Bush and Blair cannot be held responsible for Iraq’s current levels of corruption, the government’s authoritarianism, the sectarian composition of every major political party, or the Syrian civil war. In one major respect, though, their actions in toppling Saddam created a strategic source of instability for the country they were attempting to rebuild. By taking power from a Sunni minority and handing it to the Shia majority it was inevitable that the US-led coalition would also hand Iran a hugely enhanced power base in the region.

Today Iran has more influence in Iraq than any other foreign power. Posters of its supreme leader, Ayatollah Ali Khamenei, in Baghdad’s Shia districts are more than merely symbolic. Considered alongside the huge number of casualties—perhaps as many as 375,000 dead—suffered by Iraq during its eight year fight against Iran, they are truly revolutionary manifestations.

Other signs of Iran’s influence are more subliminal. One evening in Baghdad in February I met Amer Taei, a leading figure in an Iranian-backed Shia militant group in Iraq, Asa’ib Ahl al-Haq. The group is responsible for a number of high profile attacks against British and US forces which included shooting down a British Lynx helicopter and an RAF Hercules. In 2007 the group seized IT consultant Peter Moore and his four British bodyguards in a raid on the Iraqi finance ministry. Only Moore, freed in December 2009 in exchange for the release of the militia’s imprisoned leadership, survived his captivity. The group still boast of Moore’s kidnapping as a triumph.

“We held five British hostages. Four died so we used the bodies to release many. With the bodies we made the US and Britain kneel before our demands,” boasted Taei, who was himself traded from prison for the body of one of Moore’s bodyguards. Ostensibly Asa’ib Ahl al-Haq are now part of the political mainstream in Iraq, having eschewed violence for politics. Yet they maintain close links with Hezbollah and the Iranian Revolutionary Guard, and Iraqi government insiders say the group has never decommissioned its weapon caches.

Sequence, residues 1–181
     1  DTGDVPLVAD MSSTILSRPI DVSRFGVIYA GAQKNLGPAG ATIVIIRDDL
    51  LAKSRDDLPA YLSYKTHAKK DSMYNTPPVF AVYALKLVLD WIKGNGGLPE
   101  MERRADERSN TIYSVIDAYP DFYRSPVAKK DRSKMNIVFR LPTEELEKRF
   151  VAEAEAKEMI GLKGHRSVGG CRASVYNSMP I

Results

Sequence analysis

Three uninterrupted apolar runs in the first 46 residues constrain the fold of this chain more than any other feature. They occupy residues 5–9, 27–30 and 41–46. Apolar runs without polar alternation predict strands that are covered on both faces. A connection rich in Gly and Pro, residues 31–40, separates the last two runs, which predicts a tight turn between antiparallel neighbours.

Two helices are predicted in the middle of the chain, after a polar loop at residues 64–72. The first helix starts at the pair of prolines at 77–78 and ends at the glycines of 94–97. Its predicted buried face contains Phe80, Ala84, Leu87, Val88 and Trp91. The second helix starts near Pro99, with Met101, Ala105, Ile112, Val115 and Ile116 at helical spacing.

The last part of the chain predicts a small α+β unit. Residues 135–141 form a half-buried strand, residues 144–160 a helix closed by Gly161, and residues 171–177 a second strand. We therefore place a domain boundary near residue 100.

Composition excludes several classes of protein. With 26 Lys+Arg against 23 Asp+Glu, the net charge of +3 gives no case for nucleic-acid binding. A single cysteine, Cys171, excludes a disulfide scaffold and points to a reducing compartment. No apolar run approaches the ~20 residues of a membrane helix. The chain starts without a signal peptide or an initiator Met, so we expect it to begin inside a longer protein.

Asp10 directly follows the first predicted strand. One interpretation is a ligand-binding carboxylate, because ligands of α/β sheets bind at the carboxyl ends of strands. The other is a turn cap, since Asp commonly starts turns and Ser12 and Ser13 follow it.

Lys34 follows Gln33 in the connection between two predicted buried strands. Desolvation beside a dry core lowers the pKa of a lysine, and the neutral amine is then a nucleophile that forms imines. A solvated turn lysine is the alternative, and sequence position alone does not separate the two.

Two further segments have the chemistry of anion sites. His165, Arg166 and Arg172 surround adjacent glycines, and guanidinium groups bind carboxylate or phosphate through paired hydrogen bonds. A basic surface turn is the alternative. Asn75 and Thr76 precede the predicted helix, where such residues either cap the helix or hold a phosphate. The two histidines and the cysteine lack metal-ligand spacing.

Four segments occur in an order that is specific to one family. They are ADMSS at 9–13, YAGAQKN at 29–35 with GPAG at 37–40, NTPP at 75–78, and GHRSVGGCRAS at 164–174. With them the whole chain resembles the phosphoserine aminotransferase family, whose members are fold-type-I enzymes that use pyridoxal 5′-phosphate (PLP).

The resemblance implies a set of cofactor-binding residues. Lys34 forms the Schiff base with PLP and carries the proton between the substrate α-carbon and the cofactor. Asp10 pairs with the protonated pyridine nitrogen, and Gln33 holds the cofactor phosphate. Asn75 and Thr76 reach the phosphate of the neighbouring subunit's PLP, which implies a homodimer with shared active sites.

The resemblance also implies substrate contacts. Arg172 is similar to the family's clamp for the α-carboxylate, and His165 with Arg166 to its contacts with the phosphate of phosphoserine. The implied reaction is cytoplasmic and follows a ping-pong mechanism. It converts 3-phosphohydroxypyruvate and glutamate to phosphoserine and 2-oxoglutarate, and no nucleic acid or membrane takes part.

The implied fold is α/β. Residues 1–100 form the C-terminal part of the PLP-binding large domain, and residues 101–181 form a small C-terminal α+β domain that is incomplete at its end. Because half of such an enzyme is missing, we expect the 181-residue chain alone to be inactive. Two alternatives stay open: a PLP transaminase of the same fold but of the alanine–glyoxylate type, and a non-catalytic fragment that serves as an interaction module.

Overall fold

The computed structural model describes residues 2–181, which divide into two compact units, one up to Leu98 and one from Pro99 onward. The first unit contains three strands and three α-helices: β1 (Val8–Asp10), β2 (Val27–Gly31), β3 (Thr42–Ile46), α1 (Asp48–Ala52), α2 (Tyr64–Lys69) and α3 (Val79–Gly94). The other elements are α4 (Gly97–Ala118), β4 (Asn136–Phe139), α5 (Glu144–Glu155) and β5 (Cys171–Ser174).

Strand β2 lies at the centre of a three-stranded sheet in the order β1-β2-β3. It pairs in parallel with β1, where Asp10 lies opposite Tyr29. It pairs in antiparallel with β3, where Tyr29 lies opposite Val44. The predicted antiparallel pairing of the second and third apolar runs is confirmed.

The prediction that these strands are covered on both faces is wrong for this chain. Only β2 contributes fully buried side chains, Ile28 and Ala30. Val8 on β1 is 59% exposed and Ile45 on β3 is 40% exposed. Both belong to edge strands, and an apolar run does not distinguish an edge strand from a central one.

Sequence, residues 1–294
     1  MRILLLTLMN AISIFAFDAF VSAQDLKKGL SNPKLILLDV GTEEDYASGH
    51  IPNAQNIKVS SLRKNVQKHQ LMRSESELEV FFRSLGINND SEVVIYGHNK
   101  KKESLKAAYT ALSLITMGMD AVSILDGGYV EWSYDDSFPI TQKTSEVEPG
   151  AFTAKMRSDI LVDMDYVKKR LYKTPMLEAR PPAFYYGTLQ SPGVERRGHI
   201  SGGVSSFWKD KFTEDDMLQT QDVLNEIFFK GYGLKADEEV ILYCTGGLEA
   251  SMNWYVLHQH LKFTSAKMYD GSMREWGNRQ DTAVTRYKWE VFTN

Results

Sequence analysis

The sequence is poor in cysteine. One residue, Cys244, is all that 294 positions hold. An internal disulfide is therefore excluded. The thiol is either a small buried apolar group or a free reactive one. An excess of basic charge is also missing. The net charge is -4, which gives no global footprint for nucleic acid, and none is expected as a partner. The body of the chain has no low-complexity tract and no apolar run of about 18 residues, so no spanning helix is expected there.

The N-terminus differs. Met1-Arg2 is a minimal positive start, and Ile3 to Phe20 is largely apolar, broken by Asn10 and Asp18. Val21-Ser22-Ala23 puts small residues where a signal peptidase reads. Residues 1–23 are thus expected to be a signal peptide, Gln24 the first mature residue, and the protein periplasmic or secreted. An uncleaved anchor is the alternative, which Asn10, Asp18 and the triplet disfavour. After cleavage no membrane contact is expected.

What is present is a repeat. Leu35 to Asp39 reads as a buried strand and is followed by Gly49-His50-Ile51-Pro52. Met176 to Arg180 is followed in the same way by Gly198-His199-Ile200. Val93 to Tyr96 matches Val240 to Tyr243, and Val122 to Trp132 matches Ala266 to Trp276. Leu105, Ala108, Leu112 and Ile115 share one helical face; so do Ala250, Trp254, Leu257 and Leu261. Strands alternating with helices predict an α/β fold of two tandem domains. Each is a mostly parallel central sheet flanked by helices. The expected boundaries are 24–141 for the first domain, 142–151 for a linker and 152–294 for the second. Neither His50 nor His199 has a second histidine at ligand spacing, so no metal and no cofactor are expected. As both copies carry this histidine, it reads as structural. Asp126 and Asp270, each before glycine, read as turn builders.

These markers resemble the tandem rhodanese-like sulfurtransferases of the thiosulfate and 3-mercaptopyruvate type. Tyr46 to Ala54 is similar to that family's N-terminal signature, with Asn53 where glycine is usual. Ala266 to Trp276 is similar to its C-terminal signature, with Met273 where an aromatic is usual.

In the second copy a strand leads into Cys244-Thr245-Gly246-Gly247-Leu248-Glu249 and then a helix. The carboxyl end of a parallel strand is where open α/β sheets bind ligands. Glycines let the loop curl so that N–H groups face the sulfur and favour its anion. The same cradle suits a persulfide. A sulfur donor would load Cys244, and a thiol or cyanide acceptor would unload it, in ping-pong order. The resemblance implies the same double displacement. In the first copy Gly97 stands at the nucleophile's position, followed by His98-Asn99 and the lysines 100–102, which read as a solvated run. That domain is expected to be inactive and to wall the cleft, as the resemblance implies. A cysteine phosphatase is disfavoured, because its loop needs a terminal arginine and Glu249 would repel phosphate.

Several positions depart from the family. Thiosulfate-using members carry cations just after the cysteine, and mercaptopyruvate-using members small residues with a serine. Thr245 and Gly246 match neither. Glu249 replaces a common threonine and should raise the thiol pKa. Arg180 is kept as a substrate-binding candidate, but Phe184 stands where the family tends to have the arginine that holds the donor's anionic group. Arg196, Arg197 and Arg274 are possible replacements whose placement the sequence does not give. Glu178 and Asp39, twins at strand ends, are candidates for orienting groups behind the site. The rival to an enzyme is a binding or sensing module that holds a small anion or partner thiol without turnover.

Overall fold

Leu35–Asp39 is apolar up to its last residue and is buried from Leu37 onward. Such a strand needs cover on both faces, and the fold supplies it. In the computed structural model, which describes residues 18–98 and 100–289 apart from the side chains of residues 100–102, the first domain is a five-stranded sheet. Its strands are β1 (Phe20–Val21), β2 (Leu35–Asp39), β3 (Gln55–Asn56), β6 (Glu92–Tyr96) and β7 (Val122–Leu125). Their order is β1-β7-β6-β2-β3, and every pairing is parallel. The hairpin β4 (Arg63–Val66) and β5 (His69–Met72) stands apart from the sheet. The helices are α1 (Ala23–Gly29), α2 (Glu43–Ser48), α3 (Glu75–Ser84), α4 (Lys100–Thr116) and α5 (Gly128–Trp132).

The links between Maliki’s government and Tehran have recently attracted public criticism from western diplomats, angered by Baghdad’s consent to the use of Iraqi air space by Iranian flights taking military personnel and equipment to Syria. Tehran has dramatically escalated military support of Assad this year and much of this air traffic passes over Iraq. Diplomats say that Iran Air and Mahan Air, both blacklisted by the US Treasury for supporting Iran’s Revolutionary Guards, are the principal offenders and that the flights continue to use Iraq’s airspace despite Baghdad’s assurances to the contrary.

But if these links cause discomfort for the western powers that supported the invasion and thought that Iraq’s new government would back their aims, many Sunnis in al-Anbar see Baghdad’s involvement with Iran, combined with Tehran’s military support of the Syrian regime, as provocation already worthy of a new war.

“We’ll avoid war with the US or any of our neighbours, except Israel,” Ali Hatem told me, his jaw tight. “But we welcome the war with Iran!”


It was the morning after that conversation that I was arrested, waved down at a highway checkpoint barely an hour after leaving Ali Hatem’s residence. By nightfall we were being driven as detainees towards Baghdad for further questioning at the capital’s central intelligence headquarters.

“Better for you that you don’t know where you are going”, a leering intelligence officer kept repeating in the car, between reminding us of just where that would be. The mention of the place had reduced both Abu Ahmed and my interpreter to misery.

“Welcome to the new Iraq,” the latter murmured beside me as billboard portraits of Maliki emerged one after another in the vehicle’s headlights, then fell back into the gloom. Just then, as if any reminder of the reach of the prime minister’s power were needed, the officer’s phone rang. It was Maliki’s office, who had been alerted to our plight by the British embassy. Rather than spend the night in an interrogation cell, a ministerial aide ordered that we were instead to be held in an army barracks at Fallujah and handed over to British diplomats in Baghdad the next day.

Abu Ahmed fell instantly asleep in our shared barrack room. He snored thunderously and I hissed at him many times in the darkness. Somehow, though, I never could bring myself to ask such an old school Iraqi the question which had been playing on my mind ever since the general first asked it of him. Maybe I feared his contempt too much, or perhaps I did not want to buy in to the country’s sectarian paradigm too. Even so, it made me curious.

Was he Shia or Sunni?